Cultural History Encyclopedia

More information about this article

More information about this article

Published 15. November 2007

Last update 04. June 2019



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The waterfalls in Flåm and along the Aurlandsfjord

In the valley of Flåmsdalen and along the Aurlandsfjord the landscape is dominated by a number of waterfalls. Some of them are among the most famous tourist attractions in Norway, such as the waterfalls of Rjoandefossen and Kjosfossen in the river of Flåmselvi. Flåmselvi was protected against any hydro-electric development in the so-called "Verneplan III" (Protection Plan III) for watercourses.

An old postcard showing the impressive waterfall of Rjoandefossen and the challenging terrain the construction workers of the Flåm Railway were faced with.

An old postcard showing the impressive waterfall of Rjoandefossen and the challenging terrain the construction workers of the Flåm Railway were faced with.

Owner: Aurland kommune, Lokalhistorisk arkiv

Date: 1923-1930

Photographer: Ukjend

The waterfall of Rjoandefossen
Rjoandefossen flows down into the valley of Flåmsdalen east of the lake of Vassetvatnet. According to the name expert Erlend Vinjum, the name of the waterfall may be interpreted by the first part of the word: "Rjoande". This can be explained with the Old Norse verb "hrjoða" which means to throw off or spread. This agrees with the way the waterfall plunges down a 140-metre-high precipice and then spreads out when hitting the ground.

The waterfall as a weather sign
It has been said that when the sound from the waterfall of Rjoandefossen changes, this is a sign of a change in the weather. The scientific explanation to this is that sound moves faster with the wind than up against the wind, and also faster through warm air than through cold air. In this way the waterfall warns of deterioration in the weather when the sound waves from the waterfall are pushed down as cold air currents replace warmer air.

The waterfall of Kjosfossen
Kjosfossen is perhaps the best known of the waterfalls in the Flåm valley watercourse. It has become a major tourist attraction as the Flåm Railway makes a stop there so tourists can take pictures at close range and may even catch a glimpse of the dancing wood nymphs.

By the waterfall there is the Kjosfoss power station that provides electricity for the Flåm Railway. The lakes of Reinungavatnet and Seltuftvatnet have been regulated to function as reservoirs for the power station. The regulation work in 1944 led to an erosion of a gravel ridge at the eastern end of Seltuftvatnet. By and by large amounts of slag, charcoal and burned rocks were uncovered. It turned out that these were remnants of an iron forge dating back to the early Iron Age, to the first years AD. These finds are still the earliest iron forges ever found in Norway.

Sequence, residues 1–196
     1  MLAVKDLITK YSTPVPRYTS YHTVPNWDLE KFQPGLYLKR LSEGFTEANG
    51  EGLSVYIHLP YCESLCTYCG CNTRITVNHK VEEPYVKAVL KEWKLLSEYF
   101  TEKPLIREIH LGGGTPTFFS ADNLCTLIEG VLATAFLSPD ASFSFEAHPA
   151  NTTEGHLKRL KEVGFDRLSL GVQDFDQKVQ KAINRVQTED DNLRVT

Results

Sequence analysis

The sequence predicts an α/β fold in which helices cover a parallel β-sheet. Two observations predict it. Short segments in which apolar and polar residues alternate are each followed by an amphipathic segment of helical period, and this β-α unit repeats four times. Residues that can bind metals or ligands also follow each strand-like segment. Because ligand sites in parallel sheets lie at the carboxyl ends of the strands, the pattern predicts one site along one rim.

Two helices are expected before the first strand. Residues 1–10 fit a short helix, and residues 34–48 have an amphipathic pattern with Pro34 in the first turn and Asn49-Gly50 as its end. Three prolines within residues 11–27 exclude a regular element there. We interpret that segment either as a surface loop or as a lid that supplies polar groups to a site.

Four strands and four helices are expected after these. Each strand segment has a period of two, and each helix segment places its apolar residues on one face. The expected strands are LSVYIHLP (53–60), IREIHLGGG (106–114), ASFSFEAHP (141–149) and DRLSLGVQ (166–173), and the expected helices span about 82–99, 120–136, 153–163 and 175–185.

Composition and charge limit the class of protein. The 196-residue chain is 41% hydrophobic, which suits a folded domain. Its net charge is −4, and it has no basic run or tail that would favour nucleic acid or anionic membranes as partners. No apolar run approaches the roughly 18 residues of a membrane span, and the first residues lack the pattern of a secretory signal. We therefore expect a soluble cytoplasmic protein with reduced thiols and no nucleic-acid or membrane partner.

The waterfall of Brekkefossen
A popular hike destination in Flåm is the waterfall of Brekkefossen in the river Ljosdøla running down into the valley of Ljosdalen past the Brekke farm. The waterfall has a free drop of 45 metres. The hike up to the waterfall is steep, but should be within reach of most people with some training. At the top there is a fine view of the waterfall and the valley of Flåmsdalen in both directions, as well as towards the fjord and old village of Flåm.

The river of Frondøla
At the point of Fronnes, on the eastern side of the Aurlandsfjord between Flåm and Aurlandsvangen, the river of Frondøla flows down the mountainside. The river has eroded a deep gully and just above the point of Fronnes itself, it forms two waterfalls and a pool at the place called Grønehaug.

In addition to fine waterfalls, the area of Fronnes and the valley of Frondalen has an exciting history, a beautiful culture landscape as a result of farming and mountain-farming activities. There are also finds from prehistoric times, such as an old site that may date from the Iron Age. We also find a number of burial mounds - nine in a cluster, and one separated from the others. These mounds have not been dated, but according to the county archaeologist Eva Moberg, they may date back to the Bronze Age (the period between 1800 and 500 BC), based on their location and appearance. The farm Frondalen is also referred to in the Sverre Saga, in connection with king Sverre and his followers called "Birkebeinarane" losing their way in the mountains because of bad weather. Thus king Sverre ended up at the farm in Frondalen in 1177.

Fronnes is a much-used area for hiking by tourists and local people alike. In 2006 a management plan for Fronnes was worked out, and this is meant to be useful in the management of the area.

The waterfall of Flugandefossen
Flugandefossen is located along the Aurlandsfjord, directly opposite the village of Aurlandsvangen. The waterfall has a drop of 75 metres and is included in the list of important waterfalls within the Nærøyfjord World Heritage area. Maybe the waterfall has got its name because of its gentle and flying character?

According to Erlend Vinjum, longline fishing in the fjord was an important source of income in the 1920s and 1930s. Lines were placed along the whole length of the fjord branch at regular places known as "sett". One of these "sett" was located at the point of Flugandeneset by the waterfall, where the line was tied to a wire on land and rowed out into the fjord in the direction of a house called "Duehuset" at Aurlandsvangen.

See geometric position on detailed map at Fylkesatlas or on a 3D-map at Google Maps by clicking on the 3D-button down to the right at the Google-map.


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Indrelid, Svein. Aurland bygdebok. Soga om Flåm. Band 1. Bygdi. Aurland sogelag. 2003.
Ohnstad, Anders. Gardssoga for Aurland. Ein del av Vangen sokn. Frå Loven til og med Frondalen. 1996.
Vinjum, Erlend. Stadnamn og kulturhistorie. Gjøvik bokbinderi. Aurland.